Fertility as a tool

In the novel of the handmaid’s tale, there shows up a class of women kept for reproductive purposes and known as “handmaids” by the ruling class in an era of declining births due to sterility. And in the movie children of men, the primary plot in the novel has been changed from men’s sterility to women’s. I don’t know why it changes in this way, but I can really feel that this makes the movie be settled in a more hopeless situation because women are those who are expected to produce new lives. Although this happens just in a movie or a novel, we still can capture that fertility is truly treated as one of women’s important “function” in the society.

As we saw in the movie and the book, infertility may cause social disorder, because the basic social unit – family loses its utility. The primary function of the family is to ensure the continuation of society, both biologically through procreation, and socially through socialization [1]. So, it is easy to infer that women’s fertility “function” can be taken advantage by ruling classes to ensure social stability, like birth control policy. In China, to prevent the huge burden on resources and to release the productivity of a family, we used to encourage every family just have one child. Nowadays, aging problems become more urgent, we start to adjust the policy that two children can be accepted in a family. The core of the population policy is based on the control of women’s fertility.

Although birth control often be criticized as violation of human rights, there are voices that birth control is helpful for gender equality. Pande et al take Indian state of Tamil Nadu as the case to analyze the relationship between fertility decline, and changes in women’s lives, gender equality and gender relations [2]. Their results show that following fertility decline, women’s lives have improved in the realms of higher education, marriage spousal choice, and – to some extent – employment opportunities.

While the wage gap between men and women is still significant (particularly for women of color) and must be addressed, access to birth control has helped narrow the gap. The decrease in the gap among 25–49-year-olds between men’s and women’s annual incomes “would have been 10 percent smaller in the 1980s and 30 percent smaller in the 1990s” in the absence of widespread legal birth control access [3]. College enrollment was 20 percent higher among women who could access the birth control legally by age 18 in 1970. And young women’s legal access to the pill before age 21 led to a significant (2.3 percent) increase in the women who were college graduates, and young women with legal pill access were able to both have children and pursue higher education [4].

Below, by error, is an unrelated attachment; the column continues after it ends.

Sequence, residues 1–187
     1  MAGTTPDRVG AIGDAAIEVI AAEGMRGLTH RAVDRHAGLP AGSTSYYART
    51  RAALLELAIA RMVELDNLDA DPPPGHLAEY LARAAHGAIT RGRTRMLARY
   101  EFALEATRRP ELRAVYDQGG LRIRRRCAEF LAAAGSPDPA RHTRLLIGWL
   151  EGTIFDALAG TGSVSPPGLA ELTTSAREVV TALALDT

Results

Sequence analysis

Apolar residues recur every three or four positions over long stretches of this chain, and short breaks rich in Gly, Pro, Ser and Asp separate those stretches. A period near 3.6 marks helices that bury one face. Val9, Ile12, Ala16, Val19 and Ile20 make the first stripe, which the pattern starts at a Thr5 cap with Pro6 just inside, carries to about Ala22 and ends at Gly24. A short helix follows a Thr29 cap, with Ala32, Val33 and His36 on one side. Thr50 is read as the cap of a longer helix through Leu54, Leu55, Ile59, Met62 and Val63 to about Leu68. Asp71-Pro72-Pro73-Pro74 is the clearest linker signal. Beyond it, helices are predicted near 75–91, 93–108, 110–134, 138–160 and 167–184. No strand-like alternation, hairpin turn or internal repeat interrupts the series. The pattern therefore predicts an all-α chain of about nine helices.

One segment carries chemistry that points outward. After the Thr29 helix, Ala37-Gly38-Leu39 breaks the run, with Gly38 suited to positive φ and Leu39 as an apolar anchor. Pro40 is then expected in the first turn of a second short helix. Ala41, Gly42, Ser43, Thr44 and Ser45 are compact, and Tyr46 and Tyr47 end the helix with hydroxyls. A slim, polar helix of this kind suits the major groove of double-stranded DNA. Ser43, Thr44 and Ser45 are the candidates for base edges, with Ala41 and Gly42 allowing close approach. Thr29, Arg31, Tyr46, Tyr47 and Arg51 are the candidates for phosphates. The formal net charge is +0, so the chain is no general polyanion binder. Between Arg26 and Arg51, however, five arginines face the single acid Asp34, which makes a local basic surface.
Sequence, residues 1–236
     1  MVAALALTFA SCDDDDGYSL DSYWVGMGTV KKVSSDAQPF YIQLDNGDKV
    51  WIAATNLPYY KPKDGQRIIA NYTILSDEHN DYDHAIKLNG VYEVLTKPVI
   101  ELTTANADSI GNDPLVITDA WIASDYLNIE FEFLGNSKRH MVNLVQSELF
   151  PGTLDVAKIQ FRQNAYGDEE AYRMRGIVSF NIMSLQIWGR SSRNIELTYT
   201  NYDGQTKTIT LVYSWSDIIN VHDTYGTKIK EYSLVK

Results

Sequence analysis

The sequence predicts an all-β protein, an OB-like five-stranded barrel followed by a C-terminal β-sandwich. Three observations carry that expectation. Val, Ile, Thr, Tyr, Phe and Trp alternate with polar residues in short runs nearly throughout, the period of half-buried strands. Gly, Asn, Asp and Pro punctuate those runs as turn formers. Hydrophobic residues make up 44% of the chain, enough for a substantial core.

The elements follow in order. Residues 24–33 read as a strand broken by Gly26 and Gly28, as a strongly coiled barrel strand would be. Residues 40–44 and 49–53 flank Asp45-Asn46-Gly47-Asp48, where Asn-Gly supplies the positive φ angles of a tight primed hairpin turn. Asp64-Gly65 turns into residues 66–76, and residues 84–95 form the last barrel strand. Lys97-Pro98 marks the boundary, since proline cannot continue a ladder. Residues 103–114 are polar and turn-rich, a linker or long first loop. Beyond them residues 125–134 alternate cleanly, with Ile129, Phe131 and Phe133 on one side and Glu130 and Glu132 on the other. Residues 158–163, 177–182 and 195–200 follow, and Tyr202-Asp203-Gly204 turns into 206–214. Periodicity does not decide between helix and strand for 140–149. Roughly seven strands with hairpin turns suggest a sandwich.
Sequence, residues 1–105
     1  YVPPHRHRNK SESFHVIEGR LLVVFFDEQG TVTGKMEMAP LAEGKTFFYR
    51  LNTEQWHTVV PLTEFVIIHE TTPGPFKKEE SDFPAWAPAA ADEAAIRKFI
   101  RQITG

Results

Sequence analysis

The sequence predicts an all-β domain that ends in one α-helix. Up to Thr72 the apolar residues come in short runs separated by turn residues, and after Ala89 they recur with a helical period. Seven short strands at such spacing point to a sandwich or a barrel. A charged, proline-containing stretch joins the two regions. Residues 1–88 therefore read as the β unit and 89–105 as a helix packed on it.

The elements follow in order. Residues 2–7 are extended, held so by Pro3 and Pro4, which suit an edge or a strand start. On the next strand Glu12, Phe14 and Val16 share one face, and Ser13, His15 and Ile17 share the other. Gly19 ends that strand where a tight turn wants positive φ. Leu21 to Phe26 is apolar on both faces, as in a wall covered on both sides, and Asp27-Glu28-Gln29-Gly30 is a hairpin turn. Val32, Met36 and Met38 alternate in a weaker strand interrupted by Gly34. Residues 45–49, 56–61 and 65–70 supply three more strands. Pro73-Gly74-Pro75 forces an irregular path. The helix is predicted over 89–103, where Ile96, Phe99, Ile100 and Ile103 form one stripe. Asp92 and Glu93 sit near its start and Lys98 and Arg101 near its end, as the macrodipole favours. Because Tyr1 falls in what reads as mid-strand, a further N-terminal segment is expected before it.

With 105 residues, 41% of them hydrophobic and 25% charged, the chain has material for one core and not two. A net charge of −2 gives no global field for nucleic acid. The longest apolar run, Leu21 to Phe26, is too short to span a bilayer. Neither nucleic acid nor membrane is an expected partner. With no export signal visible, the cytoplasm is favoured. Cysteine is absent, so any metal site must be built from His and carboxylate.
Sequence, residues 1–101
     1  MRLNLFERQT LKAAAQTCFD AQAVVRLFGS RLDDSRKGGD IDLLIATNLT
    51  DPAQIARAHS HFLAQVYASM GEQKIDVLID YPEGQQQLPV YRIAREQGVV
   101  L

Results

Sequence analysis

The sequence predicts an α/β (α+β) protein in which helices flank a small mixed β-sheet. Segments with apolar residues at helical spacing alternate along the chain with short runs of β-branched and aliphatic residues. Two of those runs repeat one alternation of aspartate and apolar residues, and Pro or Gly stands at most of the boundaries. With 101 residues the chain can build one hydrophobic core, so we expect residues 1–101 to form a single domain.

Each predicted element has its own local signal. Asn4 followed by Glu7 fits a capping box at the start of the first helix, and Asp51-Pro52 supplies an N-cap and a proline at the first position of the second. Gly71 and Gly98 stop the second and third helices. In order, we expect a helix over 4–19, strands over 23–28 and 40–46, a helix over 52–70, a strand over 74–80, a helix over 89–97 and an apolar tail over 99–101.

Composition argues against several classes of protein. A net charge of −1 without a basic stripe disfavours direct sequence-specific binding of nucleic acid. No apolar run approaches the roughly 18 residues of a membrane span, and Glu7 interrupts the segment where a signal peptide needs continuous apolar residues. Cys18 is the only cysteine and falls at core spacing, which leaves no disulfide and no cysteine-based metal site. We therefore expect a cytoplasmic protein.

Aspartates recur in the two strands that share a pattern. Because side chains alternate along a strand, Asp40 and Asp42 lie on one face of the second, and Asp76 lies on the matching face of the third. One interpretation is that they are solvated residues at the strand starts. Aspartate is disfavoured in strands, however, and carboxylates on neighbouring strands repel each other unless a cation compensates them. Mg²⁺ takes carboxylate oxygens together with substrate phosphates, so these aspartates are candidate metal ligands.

According to Pande’s study, gender inequality also has decreased in education and employment. However, these changes have yet to lead to notable shifts in societal gender relations and norms, as manifested in marriage practices, dowry, and intimate partner violence.

In turn, we are wondering that if gender equality will be realized one day, would women prefer to have more children?

[1] “The Functions of a Family.” Boundless Sociology. Boundless, 26 May. 2016. https://www.boundless.com/sociology/textbooks/boundless-sociology-textbook/family-12/family-91/the-functions-of-a-family-520-2156/

[2] Pande, Malhotra, Namy. (2012). Decline and Changes in Women’s Lives and Gender Equality in Tamil Nadu, India. International Center for Research on Women http://www.icrw.org/publications/fertility-decline-and-changes-women%E2%80%99s-lives-and-gender-equality-tamil-nadu-india-0

[3] Martha et al. (2012). The Opt-In Revolution? Contraception and the Gender Gap in Wages. NBER Working Paper, No. 17922.

[4] Elizabeth, Hungerman. (2012). The Power of the Pill for the Next Generation: Oral Contraception’s Effects on Fertility, Abortion, and Maternal and Child Characteristics. Economics and Statistics, 94(1): 37–51.


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